THE STATE OF NEVADA
Nevada became the 36th state to enter the union in 1864, and the phrase "Battle Born" on the state flag reflects Nevada's entry on the Union side during the American Civil War.
The Nevada state flag has a cobalt blue background; in the upper left quarter is a five-pointed silver star between two sprays of sagebrush crossed to form a half wreath (sagebrush is also Nevada's state flower). Across the top of the wreath is a golden scroll with the words "Battle Born" in black letters. The name "Nevada" is below the star and above the sprays in golden letters. The original design was approved in 1929, and was modified in 1991.
Nevada designated sagebrush as the official state flower in 1917. Sagebrush bushes grow up to 12 feet (along rivers or other relatively wet areas - more typically it grows 3-6 feet in height) and produces small yellow and white flowers in the late summer or early fall.
Sagebrush (also called big sagebrush, common sagebrush, blue sagebrush, or black sagebrush) is a coarse, hardy ,silvery gray-green bush that grows in the desert southwest of the United States. It has a strong pungent fragrance, especially when wet. Native American Indians used the leaves of sagebrush for medicine and sagebrush bark for weaving mats.
Nevada designated the mountain bluebird as the official state bird in 1967 (also the state bird of Idaho). A member of the thrush family, the mountain bluebird lives in Nevada's high country and sings with a clear, short warble.
The mountain bluebird is a small thrush found on ranchland and other open areas of the American West. It prefers more open habitats than other bluebirds and can be found in colder habitats in winter. Only the female bluebird builds the nest. The male sometimes acts as if he is helping, but he either brings no nest
SINGLE LEAF PINYON
Nevada designated the single-leaf pinyon as the official state tree of Nevada in 1953.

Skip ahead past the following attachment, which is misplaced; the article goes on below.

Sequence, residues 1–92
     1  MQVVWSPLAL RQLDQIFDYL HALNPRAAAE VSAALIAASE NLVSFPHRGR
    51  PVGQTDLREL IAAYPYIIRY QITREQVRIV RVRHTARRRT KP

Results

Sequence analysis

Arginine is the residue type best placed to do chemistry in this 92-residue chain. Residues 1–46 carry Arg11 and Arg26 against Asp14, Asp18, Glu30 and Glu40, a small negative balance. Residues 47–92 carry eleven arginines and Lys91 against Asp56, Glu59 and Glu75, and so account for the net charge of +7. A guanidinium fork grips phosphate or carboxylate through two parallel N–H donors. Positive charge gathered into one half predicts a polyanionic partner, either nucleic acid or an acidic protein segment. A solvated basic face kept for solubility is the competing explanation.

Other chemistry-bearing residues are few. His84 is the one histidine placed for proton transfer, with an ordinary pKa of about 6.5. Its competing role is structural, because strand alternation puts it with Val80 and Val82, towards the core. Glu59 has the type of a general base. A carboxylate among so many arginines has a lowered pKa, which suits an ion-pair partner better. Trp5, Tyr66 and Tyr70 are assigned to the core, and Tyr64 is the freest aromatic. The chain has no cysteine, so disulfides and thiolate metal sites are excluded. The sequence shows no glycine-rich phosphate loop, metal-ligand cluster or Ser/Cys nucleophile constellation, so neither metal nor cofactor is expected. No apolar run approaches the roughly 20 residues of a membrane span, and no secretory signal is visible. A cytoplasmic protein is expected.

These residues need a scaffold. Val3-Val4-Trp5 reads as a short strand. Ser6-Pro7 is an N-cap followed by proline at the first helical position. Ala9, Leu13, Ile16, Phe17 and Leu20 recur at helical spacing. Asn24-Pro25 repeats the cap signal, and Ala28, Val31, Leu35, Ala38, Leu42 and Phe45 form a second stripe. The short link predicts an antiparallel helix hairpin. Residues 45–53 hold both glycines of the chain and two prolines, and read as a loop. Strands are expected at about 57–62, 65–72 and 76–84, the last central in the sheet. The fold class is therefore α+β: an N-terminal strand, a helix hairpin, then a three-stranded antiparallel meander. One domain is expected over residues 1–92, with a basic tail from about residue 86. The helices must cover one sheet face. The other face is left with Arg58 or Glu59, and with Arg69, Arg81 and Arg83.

The single-leaf pinyon is an aromatic pine tree with short, stiff needles and gnarled branches that grows in coarse, rocky soils and rock crevices. Normal height for this tree is about 15 feet, but the single-leaf piñon can grow as high as 50 feet under ideal conditions.
THINGS TO DO
The Great Reno Balloon Race is the largest free hot-air ballooning event in the world. During three days in early September, you can look up into the Reno skies and see a rainbow of hot air balloons soaring about. Taking place just a few miles north of downtown Reno, the event enchants both young and old with its vibrant colors and inspiring music. With an average of 125,000 spectators attending the event each year, the number of lives touched by the beautiful spectacle continues to rise just like the balloons themselves.
When you visit Carson City, NV, take an interactive flight lesson in a powered hang glider, also known as a Trike with Hang Gliding Tahoe. Soar over the beauty and wonder of the high Sierras. Experience stunning Lake Tahoe and the rugged Sierra mountains from a birds-eye view few ever experience.
The Mojave Desert is the driest and smallest of the North American deserts and was named after the Mohave tribe of Native Americans. The Mojave Desert covers over 22,000 square miles and stretches across parts of four States – Southeastern California, Southwestern Utah, Southern Nevada and Western Arizona. There are several national parks in the area including the Mojave National Preserve, the Joshua Tree National Park and Death Valley, which is the hottest place in North America.